Australia will enlist the help of more than 1000 GP clinics in its bid to keep its vaccine rollout on schedule.
Local doctors will be brought in for phase 1b of the rollout, which targets older people and those with certain underlying conditions, from March 22.
Health Minister Greg Hunt said the change would "ensure an efficient and equitable distribution of vaccines across the country".
Until now, the vaccines had only been administered at hospitals and aged care centres.
Overall, more than 4500 accredited general practices will participate in phase 1b of Australia's Covid-19 vaccine rollout, which Hunt says is one of the greatest logistic challenges in the nation's history.
"More than 1000 general practices will commence from the week of March 22, with a rapid scale-up over the following four weeks."
The strategy to rapidly deliver vaccine inoculations includes a collaboration between the Australian Medical Association (AMA), The Royal Australian College of General Practitioners (RACGP), and the Australian College of Rural and Remote Medicine (ACRRM).
The roll-out start dates are to be staggered with dosage allocation, to be dependent on vaccine availability.
AMA president Dr Omar Khorshid said GPs have a proven track record with flu vaccinations of older Australians and those living with chronic disease who would make up the majority of the phase 1b rollout.
"It is very pleasing to see the majority of GPs putting up their hands to participate in this critical national programme," Khorshid said.
"General practice is highly accessible for people and has helped Australia achieve some of the highest rates of vaccination in the world."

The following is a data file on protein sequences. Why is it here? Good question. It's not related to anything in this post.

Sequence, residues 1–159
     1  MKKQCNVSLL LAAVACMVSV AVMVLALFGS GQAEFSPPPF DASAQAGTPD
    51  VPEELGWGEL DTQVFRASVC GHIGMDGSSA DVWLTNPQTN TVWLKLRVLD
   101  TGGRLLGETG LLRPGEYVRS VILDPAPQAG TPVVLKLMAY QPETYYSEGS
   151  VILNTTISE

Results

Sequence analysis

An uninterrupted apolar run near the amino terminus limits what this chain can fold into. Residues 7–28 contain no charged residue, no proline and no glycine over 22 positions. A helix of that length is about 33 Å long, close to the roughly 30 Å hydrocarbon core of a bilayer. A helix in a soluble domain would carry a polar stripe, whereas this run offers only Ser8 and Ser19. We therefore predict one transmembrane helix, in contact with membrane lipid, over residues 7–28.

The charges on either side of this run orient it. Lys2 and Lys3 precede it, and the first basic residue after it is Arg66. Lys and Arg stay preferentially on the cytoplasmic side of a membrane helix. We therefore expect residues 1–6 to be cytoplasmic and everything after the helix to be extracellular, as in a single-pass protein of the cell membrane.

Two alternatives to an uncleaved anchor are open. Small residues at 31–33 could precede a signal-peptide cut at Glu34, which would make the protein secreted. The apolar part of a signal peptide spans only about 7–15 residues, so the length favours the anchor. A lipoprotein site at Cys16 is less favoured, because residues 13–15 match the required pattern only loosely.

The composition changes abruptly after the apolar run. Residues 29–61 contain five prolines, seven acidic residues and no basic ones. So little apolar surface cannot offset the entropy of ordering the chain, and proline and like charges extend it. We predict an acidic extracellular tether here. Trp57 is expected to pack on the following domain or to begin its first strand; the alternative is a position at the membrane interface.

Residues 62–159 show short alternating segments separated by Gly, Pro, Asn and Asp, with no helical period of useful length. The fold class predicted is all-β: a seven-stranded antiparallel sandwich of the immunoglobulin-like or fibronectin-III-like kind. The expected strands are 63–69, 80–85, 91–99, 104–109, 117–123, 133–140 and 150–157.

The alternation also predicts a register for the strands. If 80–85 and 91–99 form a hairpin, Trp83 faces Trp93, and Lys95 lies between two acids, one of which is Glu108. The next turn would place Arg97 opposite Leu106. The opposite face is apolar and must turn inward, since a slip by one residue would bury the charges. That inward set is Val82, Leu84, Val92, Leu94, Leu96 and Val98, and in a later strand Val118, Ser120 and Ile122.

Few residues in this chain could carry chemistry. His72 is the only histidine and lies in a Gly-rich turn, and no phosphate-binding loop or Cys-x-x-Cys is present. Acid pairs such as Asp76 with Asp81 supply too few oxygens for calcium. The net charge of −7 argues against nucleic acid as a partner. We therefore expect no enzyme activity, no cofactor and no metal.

"Patients see their GP for trusted advice and support and rolling out a Covid-19 vaccine through general practice is the best way to encourage the community to get vaccinated."
RACGP president Dr Karen Price said the approach was built on a platform of trust and knowledge, and it was a historic and logistically challenging project.
"We already have the trust of our patients and communities and can ensure that those who are ready to be vaccinated can be, and those who are unsure can have their questions answered to help them decide."
To complement the phase 1b rollout, GP-led Respiratory Clinics and Aboriginal Community Controlled Health Services will also help to deliver vaccines.
ACRRM president Sarah Chalmers said the equitable distribution points across the country means all vulnerable patients will be able to access the vaccine.
Nationally, there will be more than 130 Respiratory Clinics and more than 300 Aboriginal Community Controlled Health Service sites supporting the rollout.